The Internet solves another mystery.
Scientists pick up signals from an explosion of electromagnetic energy that occurred when a black hole ripped apart a passing star.
A questionable new study suggests green tea may be able to reduce the effect of Down syndrome on facial features.
Scientists find a groundbreaking application of the supermaterial graphene.
Researchers are starting to get a handle on why ancient creatures returned to the ocean after their ancient ancestors climbed out of it.
Ten days before he died, Stephen Hawking published a final paper with a way to prove or disprove the multiverse.
Isn't the world of dogs about more than (British) bulldogs and (French) poodles?
New research predicts the existence of completely different kind of stars.
The Plasmodium Consortium seeks to get answers to America’s problems from slime molds.
"I would rather be ashes than dust! I would rather be a superb meteor, every atom of me in magnificent glow, than a sleepy and permanent planet." — Jack London
In her enlightening new book, Blue Dreams, Lauren Slater covers the history of psychotropic drugs.
NASA's Twins Study is critical to understanding what happens to the human body after a prolonged period in space.
A new startup has a method for preserving a brain’s memories when it’s frozen for future uploading.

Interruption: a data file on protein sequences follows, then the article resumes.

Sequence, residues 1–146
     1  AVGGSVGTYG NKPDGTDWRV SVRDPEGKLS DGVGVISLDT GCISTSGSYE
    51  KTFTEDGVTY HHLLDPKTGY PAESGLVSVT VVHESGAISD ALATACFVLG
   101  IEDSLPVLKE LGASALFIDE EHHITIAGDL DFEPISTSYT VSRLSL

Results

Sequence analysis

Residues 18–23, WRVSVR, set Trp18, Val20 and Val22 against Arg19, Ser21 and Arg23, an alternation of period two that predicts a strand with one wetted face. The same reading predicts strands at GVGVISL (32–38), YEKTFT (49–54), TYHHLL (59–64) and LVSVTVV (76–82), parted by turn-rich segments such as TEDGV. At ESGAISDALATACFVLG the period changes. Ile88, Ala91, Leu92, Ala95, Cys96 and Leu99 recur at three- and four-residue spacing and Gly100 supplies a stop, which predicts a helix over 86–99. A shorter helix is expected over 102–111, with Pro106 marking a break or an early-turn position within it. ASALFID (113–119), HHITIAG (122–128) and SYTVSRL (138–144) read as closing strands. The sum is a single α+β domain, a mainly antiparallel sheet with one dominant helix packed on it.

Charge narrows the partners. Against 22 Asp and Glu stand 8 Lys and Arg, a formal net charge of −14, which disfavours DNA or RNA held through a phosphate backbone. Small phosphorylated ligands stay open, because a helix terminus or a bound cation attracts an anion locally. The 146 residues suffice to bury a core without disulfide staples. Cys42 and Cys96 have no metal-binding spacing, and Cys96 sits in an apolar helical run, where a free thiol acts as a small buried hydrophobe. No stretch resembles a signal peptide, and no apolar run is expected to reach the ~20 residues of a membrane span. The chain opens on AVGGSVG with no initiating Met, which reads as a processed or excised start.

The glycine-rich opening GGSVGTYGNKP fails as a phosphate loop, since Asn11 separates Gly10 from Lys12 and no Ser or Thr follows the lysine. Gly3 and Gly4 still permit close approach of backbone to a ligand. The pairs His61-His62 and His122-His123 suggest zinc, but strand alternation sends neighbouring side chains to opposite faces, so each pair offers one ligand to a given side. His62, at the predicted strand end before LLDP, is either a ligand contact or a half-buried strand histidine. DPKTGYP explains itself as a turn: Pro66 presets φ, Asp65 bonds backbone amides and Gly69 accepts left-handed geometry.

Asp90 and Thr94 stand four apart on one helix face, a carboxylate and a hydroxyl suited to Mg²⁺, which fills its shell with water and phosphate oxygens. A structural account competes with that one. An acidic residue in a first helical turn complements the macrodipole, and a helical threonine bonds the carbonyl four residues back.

It’s no secret that women are underrepresented in various sectors, from politics and banking to engineering and computing. But what about when it comes to space exploration?
History will remember Stephen Hawking for his many contributions to cosmology and astrophysics, but his beliefs about the future could soon prove just as important.
As you live in our hyper-connected world, it may seem strange to realize that thousands of people still live in so-called uncontacted tribes, utterly cut off from modern civilization.
DNA testing of the remains of nine women with elongated skulls suggests a strange explanation for how they likely ended up hundreds of miles from their homeland.
When the past and future are no longer connected, some pretty weird stuff happens.
Looks like we finally know some answers that they didn't in 1940.
Seven people ate a ketogenic diet for three months straight. Here's what happened.
But there's a catch.